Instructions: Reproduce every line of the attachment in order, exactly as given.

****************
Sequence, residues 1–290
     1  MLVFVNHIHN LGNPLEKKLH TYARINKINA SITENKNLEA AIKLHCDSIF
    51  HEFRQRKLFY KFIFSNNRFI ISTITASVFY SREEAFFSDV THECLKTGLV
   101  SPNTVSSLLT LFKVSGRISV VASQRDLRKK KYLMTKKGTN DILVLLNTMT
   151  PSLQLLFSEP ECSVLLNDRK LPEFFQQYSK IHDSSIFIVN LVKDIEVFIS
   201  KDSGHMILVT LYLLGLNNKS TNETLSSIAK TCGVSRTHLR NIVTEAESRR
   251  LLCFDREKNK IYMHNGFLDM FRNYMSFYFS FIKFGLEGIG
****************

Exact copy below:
Sequence, residues 1–290
     1  MLVFVNHIHN LGNPLEKKLH TYARINKINA SITENKNLEA AIKLHCDSIF
    51  HEFRQRKLFY KFIFSNNRFI ISTITASVFY SREEAFFSDV THECLKTGLV
   101  SPNTVSSLLT LFKVSGRISV VASQRDLRKK KYLMTKKGTN DILVLLNTMT
   151  PSLQLLFSEP ECSVLLNDRK LPEFFQQYSK IHDSSIFIVN LVKDIEVFIS
   201  KDSGHMILVT LYLLGLNNKS TNETLSSIAK TCGVSRTHLR NIVTEAESRR
   251  LLCFDREKNK IYMHNGFLDM FRNYMSFYFS FIKFGLEGIG